Yemen’s foreign minister says kidnapped Salesian still alive (CNS) Yemen’s foreign minister told Indian officials that Salesian Father Thomas Uzhunnalil, kidnapped in Yemen last year, is still alive, and efforts to trace him continue. Ucanews.com reported that, during a visit to New Delhi, Yemeni Foreign Minister Abdulmalik Abduljalil Al-Mekhlafi gave his reassurances in a meeting with the Indian external affairs 10 July, said an Indian government statement. It said Father Uzhunnalil is “alive, and the Yemeni government has been making all efforts to secure his release.” It said al-Mekhlafi “assured all cooperation in this regard...”

Russian hostel reopens for Jerusalem pilgrims (BBC) The Russian government is reopening a hostel for Orthodox pilgrims in Jerusalem in a hospice originally built on the orders of a Romanov grand duke, more than 100 years after it closed...



Tags: Iraq India Ukraine Jerusalem Russia

12 July 2017
Raed Rafei




Aida Yassin, a Lebanese widow, sits with her son, Eli; her daughter-in-law, Lina from Syria; and her grandson, Michael. (photo: Raed Rafei)

Raed Rafei explores the challenges Syrian refugees are facing in Lebanon in the current edition of ONE. Below, he describes one couple he met:

When I arrived to Zahleh on my reporting trip, I expected to hear the same resentful discourse toward Syrian refugees that I hear all over Lebanon. With refugees constituting more than one fourth of the Lebanese population, the public outcry over this irregular situation — one that has been continuing for several years now — is palpable everywhere.

In this pretty Christian town, people I talked to speak mainly of a stagnant economy and say that with refugees willing to earn very little, competition over jobs has been fierce. You see the impact everywhere. As in the central streets of Beirut, Syrian children, sometimes as young as five, beg on the streets. When I stopped for coffee at a random café, the waiter was expectedly Syrian. His story was one I had heard many times over. In Syria, he was a university student but because of the war, he had to abandon his studies and his country.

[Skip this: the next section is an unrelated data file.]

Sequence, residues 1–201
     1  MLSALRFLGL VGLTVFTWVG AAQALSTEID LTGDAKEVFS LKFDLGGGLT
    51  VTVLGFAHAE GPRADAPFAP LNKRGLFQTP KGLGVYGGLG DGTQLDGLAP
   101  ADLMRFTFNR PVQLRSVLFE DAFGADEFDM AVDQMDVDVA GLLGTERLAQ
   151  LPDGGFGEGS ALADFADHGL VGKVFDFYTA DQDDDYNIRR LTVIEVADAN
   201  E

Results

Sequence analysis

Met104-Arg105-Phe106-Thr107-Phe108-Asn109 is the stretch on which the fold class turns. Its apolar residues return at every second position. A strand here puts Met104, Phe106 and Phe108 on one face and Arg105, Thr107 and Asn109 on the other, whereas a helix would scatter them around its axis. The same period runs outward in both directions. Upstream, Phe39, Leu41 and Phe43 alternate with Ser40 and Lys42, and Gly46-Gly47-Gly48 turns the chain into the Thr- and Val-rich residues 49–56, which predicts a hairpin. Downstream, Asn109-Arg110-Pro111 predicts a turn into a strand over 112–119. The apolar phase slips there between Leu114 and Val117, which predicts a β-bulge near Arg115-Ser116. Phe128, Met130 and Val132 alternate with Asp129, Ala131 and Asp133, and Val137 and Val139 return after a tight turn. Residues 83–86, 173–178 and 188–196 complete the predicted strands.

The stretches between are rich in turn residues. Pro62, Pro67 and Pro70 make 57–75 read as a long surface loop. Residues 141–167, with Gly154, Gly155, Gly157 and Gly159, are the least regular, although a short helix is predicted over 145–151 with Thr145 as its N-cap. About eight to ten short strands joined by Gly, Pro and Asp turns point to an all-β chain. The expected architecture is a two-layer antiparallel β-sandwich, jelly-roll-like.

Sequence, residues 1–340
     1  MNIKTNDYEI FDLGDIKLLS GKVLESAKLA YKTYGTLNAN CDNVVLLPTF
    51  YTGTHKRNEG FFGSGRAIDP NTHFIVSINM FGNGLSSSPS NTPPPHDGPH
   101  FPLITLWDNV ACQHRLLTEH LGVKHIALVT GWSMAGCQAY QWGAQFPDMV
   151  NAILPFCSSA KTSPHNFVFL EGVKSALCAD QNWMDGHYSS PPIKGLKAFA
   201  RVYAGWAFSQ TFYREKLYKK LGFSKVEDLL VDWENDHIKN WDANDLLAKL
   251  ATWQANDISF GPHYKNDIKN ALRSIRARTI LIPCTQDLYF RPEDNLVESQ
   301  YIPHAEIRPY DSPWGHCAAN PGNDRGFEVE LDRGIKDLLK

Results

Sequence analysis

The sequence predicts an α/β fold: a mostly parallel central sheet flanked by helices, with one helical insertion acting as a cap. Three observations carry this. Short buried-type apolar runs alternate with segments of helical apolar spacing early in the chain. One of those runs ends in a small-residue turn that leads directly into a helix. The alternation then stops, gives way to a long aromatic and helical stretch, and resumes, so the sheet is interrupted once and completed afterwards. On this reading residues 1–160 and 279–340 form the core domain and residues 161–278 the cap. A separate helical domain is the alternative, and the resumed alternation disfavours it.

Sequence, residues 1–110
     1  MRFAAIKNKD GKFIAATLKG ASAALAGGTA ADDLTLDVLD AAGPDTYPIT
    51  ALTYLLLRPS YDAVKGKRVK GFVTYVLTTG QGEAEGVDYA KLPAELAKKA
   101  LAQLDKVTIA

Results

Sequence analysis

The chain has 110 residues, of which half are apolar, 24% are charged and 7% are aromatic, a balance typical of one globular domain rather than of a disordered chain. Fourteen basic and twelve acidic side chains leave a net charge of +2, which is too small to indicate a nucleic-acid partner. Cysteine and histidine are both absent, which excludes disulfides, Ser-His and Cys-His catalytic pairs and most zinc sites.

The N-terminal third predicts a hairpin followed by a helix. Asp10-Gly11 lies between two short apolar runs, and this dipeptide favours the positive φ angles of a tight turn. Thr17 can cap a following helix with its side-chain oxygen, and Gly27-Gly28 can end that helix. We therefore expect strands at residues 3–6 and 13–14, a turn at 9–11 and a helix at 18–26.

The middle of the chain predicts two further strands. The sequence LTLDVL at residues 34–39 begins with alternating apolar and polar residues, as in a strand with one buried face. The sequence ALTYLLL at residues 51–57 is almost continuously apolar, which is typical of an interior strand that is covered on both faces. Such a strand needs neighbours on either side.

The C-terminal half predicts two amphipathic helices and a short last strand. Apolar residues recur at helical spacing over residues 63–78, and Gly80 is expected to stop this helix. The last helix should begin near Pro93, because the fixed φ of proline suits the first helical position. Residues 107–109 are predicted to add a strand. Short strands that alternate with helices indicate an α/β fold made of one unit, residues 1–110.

So when I finally met Eli and Lina, my encounter with the couple was heartwarming. Eli is a struggling Lebanese technician who supports his aging mother, Aida. Lina is a Syrian refugee who fled with her family from the bombing of her hometown in Syria. A couple of years ago, they met at a clothing shop in Zahleh and swiftly fell in love with each other. Today, they are married and have a child, Michael.

It was delightful to see that, despite the surge in racism against the Syrians among the Lebanese, love between people from these two neighboring countries was still possible. Relations between Lebanon and Syria have traditionally been very complicated. During the Lebanese 1975-1990 civil war, Syria was heavily involved in the conflict. People in Zahleh in particular still harbor animus feelings towards Syria because their city was placed under siege for weeks by the Syrian army during that period. It is true that since then, the proximity of Zahleh to the Syrian border has turned Syria into a vital trade partner and calmed the minds. But the conflict in Syria has strangled the city’s economy. And with the influx of Syrian refugees, relations between the two cultures entered a complicated new phase.

When I asked Eli and Lina if they heard disapproving comments from friends or neighbors about their marriage, they simply shrugged their shoulders. To them, their love story came about naturally. On my second visit to their modest home, I saw on the wall an assemblage of their photos in a frame decorated with hearts and the word, love. They looked like a happy young couple in the photos. I asked Lina about the new frame. She smiled and said it was a gift from Eli for Valentine’s Day.

Like all parents, Lina and Eli worry mostly about the future of their child. The brunt of the devastating war in Syria is still present, But, as Lina explained, the only focus today is on how to provide the best education for Michael, who is set to enter school next year.

Life, she said, goes on.

Read more about Hardship and Hospitality in Lebanon in the June 2017 edition of ONE. And meet Eli and Lina in the video below.